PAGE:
Members of the Rastafarian culture on our island are discriminated against by society and by the authorities. They are often linked to crime and deprivation. The Rasta Hector Riscart Mustelier, was arrested at dawn on November 16, 2011, as he left the National Cabaret, across from Central Park, after a performance of the musical group “Herencia” which he directs. The reason: an alleged crime of drug trafficking and resisting arrest. Possible punishment: 10 years in prison.
“The guards wanted to search me front of everyone. I asked them to handcuff and take me to the station. I am an artist and that is a violation of my honor,” said Hector, better known as ‘El Ñaño’. “A policeman was upset, he hit me and handcuffed me on the ground. My turban had fallen to the ground,” he said.
Law enforcement officers in Old Havana, participating in the arrest, acknowledged that the suspect that offered his identity card and then “in order to prevent the operation, he wriggled away, jerking his body. His turban covering his ‘dreadlocks’ (as Rastas wear their hair) came off, revealing two wrappers with 65 grams of marijuana,” according to the provisional findings of the Prosecutor, dated January 30, 2012.
The accusation relied on the statements of the policemen; according to them they had an undercover cop in the cabaret. However, Riscart said there were other interests that led to his arrest: “An officer of the National Drug Task Force identified as Yoandris, proposed that I work with him, I refused and he warned me that I was going to be sorry.”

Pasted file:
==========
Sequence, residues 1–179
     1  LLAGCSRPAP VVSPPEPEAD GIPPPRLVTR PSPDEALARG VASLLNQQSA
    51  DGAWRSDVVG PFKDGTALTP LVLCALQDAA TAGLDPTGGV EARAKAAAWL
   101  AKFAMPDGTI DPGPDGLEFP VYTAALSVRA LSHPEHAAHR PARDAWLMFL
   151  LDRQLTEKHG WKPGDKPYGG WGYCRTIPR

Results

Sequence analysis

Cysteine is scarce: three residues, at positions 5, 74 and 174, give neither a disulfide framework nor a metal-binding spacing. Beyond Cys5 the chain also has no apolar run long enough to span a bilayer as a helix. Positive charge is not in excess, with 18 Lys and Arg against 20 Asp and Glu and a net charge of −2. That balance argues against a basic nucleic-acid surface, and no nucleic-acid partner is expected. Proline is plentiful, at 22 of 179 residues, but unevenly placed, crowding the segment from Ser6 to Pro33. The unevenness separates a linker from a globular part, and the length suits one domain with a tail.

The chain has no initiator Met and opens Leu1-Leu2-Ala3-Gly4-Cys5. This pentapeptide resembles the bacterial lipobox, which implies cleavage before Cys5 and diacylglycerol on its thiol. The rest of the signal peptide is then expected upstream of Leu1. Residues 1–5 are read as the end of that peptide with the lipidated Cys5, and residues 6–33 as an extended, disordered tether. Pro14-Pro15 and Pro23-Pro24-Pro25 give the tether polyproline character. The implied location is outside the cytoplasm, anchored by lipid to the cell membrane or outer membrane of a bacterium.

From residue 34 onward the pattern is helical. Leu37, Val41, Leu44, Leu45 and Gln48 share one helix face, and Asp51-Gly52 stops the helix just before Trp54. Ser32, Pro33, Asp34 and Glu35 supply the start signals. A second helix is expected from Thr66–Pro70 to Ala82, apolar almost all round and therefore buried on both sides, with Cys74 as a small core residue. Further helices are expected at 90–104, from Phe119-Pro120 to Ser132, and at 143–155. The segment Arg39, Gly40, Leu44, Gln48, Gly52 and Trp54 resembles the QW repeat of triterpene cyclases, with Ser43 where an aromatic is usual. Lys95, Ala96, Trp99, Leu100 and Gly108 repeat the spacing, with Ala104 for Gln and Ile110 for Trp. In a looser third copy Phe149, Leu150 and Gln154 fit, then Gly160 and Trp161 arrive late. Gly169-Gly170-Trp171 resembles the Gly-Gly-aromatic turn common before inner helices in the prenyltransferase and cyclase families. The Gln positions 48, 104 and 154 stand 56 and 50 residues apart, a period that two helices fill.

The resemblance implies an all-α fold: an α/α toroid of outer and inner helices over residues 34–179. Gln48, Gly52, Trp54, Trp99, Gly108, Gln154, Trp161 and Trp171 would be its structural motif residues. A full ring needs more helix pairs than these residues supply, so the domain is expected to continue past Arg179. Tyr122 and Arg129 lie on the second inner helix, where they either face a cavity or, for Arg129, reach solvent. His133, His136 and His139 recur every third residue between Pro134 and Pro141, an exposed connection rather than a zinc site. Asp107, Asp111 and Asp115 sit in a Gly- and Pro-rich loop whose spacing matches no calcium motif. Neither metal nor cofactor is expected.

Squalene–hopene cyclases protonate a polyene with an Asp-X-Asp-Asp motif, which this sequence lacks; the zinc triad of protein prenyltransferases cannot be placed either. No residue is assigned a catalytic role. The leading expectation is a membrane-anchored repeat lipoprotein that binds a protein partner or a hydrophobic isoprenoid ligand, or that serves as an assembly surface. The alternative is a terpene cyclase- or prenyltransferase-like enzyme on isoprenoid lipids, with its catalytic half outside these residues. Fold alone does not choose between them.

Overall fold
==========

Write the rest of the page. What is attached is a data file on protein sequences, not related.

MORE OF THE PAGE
Other “evidence” for the prosecution, is the detainee’s urine sample, the result confirms the consumption of marijuana — not punishable under Cuban law — but nothing proves the crime he’s charged with.
El Ñaño said his statement can be corroborated by the security cameras where he was arrested. “I demand the presentation of the film, which should be at the service of the citizens,” he said. But it is rumored that, coincidentally, the security cameras did not work that night. El Ñaño also reported that his lawyer was afraid to challenge the authorities.
The prosecution says the accused “was marketing the addictive substance inside the cabaret” but no money has been seized as a result of the apparent business. Neither did they find any drugs in a raid on his home. The prosecutor also said that the accused meets many drug traffickers, but omitted their names and as well as why these so-called “capos” are not in prison.
The trial, held behind closed doors despite being a criminal offense not classified as closed to the public, was concluded on Friday April 13 at the Diez de Octobre Municipal Court rather than the Provincial Court of Havana, although this offense is its jurisdiction. It is expected that there is no new arbitrariness in the application of the law.
19 April 2011